Last night, the think tank Policy Exchange launched a new, baby think tank called the Capital City Foundation, “devoted to the continued prosperity and progress of London”. Which is nice.
More importantly, however, the event featured a discussion of why, after years of post-war dominance, New York may be losing its crown as the unofficial capital of the world to London.
Ed Glaeser, native New Yorker, cities economist, and the delightfully named “Fred & Eleanor Glimp Professor” at Harvard, took to the stage, and explained why, in his opinion at least, London now has the edge over its rival. Granted, he was standing on a podium at the top of the Shard surrounded by Londoners at the time, but we like to believe he was being genuine nonetheless.
Here are a few of his main points.
Source: London Infrastructure Plan.
Over the last few weeks, London finally reached its pre-war population peak of 8.6m. The last available population figures for New York in 2013 estimated its population at around 8.4m.
Now we know that urban populations can be hard to compare, because boundaries and definitions vary from city to city (seriously, we go on about this all the time), and the official definition of London is far more inclusive than the official definition of NYC: compare unofficial metropolitan populations, and New York almost certainly still has the edge.
But London’s loss of status accompanied the loss of nearly a quarter of its population after the end of World War Two. The reverse in the population trend, then, implies a reverse in status, too.
2. Financial Sector
London’s financial services sector is ever-so-slightly larger than New York’s: it has around 340,000 employees to New York’s 322,000. New York currently holds the top spot on the Global Financial Centres Index, however, with a two-point lead on London.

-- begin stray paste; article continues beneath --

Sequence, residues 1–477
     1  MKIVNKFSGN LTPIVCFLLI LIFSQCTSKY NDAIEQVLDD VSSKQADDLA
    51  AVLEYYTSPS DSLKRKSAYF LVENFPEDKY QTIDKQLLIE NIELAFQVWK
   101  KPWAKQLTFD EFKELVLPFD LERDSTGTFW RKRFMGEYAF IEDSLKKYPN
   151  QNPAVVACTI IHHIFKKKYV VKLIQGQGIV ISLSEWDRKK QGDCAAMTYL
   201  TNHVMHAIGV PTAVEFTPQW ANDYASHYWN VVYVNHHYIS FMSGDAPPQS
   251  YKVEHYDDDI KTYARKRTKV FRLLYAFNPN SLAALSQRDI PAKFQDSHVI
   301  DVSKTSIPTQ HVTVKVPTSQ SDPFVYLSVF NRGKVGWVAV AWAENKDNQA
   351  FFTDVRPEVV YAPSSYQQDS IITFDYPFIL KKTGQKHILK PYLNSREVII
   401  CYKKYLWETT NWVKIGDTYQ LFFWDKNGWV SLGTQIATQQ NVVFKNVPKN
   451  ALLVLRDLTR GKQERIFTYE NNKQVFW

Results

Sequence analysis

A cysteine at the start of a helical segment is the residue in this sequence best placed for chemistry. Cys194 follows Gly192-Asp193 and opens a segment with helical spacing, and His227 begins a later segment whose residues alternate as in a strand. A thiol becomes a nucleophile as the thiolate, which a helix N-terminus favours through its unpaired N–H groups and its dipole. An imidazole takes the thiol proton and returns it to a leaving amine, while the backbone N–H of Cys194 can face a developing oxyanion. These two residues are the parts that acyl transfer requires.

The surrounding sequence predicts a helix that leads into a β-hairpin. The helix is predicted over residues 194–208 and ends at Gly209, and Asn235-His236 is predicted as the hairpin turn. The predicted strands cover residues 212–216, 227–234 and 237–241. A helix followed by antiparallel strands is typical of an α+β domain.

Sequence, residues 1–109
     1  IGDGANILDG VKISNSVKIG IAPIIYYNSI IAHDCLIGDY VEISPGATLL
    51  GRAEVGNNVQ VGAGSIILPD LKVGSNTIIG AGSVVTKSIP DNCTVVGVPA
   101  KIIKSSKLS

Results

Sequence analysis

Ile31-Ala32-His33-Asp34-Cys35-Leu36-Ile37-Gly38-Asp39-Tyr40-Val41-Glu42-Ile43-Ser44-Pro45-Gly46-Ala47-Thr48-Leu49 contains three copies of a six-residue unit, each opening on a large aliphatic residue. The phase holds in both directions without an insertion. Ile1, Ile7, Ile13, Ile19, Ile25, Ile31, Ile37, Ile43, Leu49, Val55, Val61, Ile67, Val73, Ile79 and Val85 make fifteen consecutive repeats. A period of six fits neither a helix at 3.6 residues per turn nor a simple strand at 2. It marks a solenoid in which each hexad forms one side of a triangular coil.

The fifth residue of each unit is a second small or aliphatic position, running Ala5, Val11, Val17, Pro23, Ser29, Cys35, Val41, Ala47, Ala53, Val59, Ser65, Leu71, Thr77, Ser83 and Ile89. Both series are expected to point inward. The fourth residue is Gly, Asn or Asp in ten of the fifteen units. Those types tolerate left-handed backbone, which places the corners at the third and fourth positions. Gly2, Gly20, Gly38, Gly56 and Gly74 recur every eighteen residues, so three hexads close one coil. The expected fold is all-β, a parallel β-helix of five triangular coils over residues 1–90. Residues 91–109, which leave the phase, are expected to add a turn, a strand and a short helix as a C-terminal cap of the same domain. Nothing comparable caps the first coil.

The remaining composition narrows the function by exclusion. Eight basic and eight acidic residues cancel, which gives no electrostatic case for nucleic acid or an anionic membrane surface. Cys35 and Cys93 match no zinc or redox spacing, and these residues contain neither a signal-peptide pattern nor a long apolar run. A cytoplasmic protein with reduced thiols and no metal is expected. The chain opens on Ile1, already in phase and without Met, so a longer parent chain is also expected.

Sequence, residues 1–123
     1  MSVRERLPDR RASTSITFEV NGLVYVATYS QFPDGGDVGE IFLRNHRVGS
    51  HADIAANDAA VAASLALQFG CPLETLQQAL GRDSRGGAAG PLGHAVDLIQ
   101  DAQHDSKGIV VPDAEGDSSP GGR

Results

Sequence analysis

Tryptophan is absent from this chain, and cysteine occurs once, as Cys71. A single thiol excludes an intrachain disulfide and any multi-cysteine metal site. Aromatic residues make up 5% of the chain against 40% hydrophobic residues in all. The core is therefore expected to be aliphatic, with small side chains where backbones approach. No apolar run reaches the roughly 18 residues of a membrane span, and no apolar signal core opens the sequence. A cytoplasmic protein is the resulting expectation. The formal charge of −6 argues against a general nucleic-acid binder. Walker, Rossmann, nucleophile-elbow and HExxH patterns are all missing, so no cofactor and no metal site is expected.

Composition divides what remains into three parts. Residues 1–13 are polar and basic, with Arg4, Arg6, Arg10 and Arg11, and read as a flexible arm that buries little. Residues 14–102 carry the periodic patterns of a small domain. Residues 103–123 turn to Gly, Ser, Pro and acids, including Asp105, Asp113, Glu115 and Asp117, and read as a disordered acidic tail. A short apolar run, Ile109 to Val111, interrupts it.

Inner-city school normally have a reputation for poor results and crime, but London’s schools are actually better than the national average. In the US, Glaeser says, “I can’t think of a single major city in the states where this is the case”. Cities including New York also have a far lower high school graduation rate than rural and suburban areas.
From a piece Glaeser wrote for the Evening Standard yesterday:
The world has shifted in London’s direction. In 1950, New York was perfectly positioned between California and Western Europe. Nothing else mattered much economically. The rise of the Arab World in the Seventies, the emergence of Eastern Europe in the Nineties and India’s post-2000 successes have all improved London’s geography relative to New York.
This is a bit of a contentious one. Glaeser argues that the presence of central government in the UK’s largest city is a good thing, not a bad one. He argues that Parliament’s location means it’s “friendly” towards big London infrastructure projects like Underground extensions or Crossrail.
On the other hand, London’s city government has relatively little spending power compared to New York’s. Only 35 per cent of New York’s budget comes from central government grants; the rest is directly collected by the city through tax. Government control over London’s finances is far stronger – it controls around 93 per cent of the capital’s budget.
“London is just a fun place to be”. Thanks, Ed.
7. Job Growth
Between 2001 and 2012, the number of people working in London grew by 17 per cent, while in New York it grew by only 3 per cent. Ha.
Glaeser did end his panegyric with a warning, however: “London is too expensive… we need to build lots and lots more housing” (we completely agree).
Next to the stage was London mayor Boris Johnson (also, as it happens, born in New York), who had some rather punchier stats on why London has the upper hand:
London has twice as many bookshops as New York.
We also have a quarter of the murder rate.
London has 240 museums to New York’s 83.
Boris also tried to argue that London is home to more billionaires, but according to Business Insider, this isn’t the case – London has 72 to New York’s 110. To be honest, we’d rather have museums than billionaires anyway.
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